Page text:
Parking spaces transforming into housing units – is that a viable idea we should seriously take into consideration? According to San Francisco-based designer Aaron Cheng, who submitted this interesting idea to this year’s James Dyson Awards, a building that alternates between housing and parking is not only possible, but it can also be a solution to crowding for both people and cars. The Parking + Housing project is this creative designer’s solution to a common problem – “During daytime, the housing units are compressed to create spaces for parking, while at night, the process reverses with parking turning back into living quarters via a pneumatic structure.” Inspired by the growing number of population and vehicles in major urban areas, the designer’s solution spotted on Fatscodesign offers an alternative space utilization that seems to view this problem from behind a unique structure system: “The Pneumatic Shelter is the key in the development. This involves inflating an ETFE skin with air, inflated from the permanent utility module or hand pump. This unique structure system allows the project to transform from living space to parking space and vice verse.” Would you consider sharing your living space with your car?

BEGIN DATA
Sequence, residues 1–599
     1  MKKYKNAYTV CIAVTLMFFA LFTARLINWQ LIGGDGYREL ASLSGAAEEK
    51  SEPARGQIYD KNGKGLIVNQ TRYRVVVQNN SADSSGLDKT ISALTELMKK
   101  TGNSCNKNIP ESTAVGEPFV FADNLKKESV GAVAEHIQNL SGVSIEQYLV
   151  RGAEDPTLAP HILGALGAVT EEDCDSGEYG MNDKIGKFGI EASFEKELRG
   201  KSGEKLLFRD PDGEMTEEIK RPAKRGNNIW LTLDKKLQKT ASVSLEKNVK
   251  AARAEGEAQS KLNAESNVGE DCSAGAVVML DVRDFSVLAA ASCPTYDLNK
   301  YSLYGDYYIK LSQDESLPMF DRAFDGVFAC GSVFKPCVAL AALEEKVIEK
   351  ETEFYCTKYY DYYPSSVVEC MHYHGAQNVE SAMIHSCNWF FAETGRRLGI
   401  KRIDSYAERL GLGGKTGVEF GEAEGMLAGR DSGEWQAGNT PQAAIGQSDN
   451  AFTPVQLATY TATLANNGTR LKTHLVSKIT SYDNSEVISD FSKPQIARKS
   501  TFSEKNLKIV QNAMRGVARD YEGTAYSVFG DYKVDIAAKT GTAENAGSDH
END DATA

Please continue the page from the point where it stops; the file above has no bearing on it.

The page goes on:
An example of a huge success is Heneghan Peng Architects’ Giant’s Causeway Visitors’ Centre in Antrim, Northern Ireland. Using the large difference in level across the site, the architects created two folds in the landscape. Bold, but not conflicting with the rather bleak natural environment, these folds draw all the man-made areas together and create one fitting man-made break in the natural landscape. In the words of the architects themselves, There is no longer a building and a landscape, but building becomes landscape and the landscape itself remains spectacular and iconic
A good building should make you want to look at it. Even if not always liked by passers-by, it should always make them feel something. Manchester Metropolitan’s University’s business school is a building that effortlessly fits this criteria. Indeed for many, the building by Feilden Clegg Bradley Studios is their first taste of the architecture of Manchester as they travel along the arterial road, Mancunian Way. With its distinct ski-slope roof, and glittering mirrored appearance, it provides a flash of silver, and a dazzling break from the dull greys of the motorway, greeting motorists in a slightly space-age way as they enter the city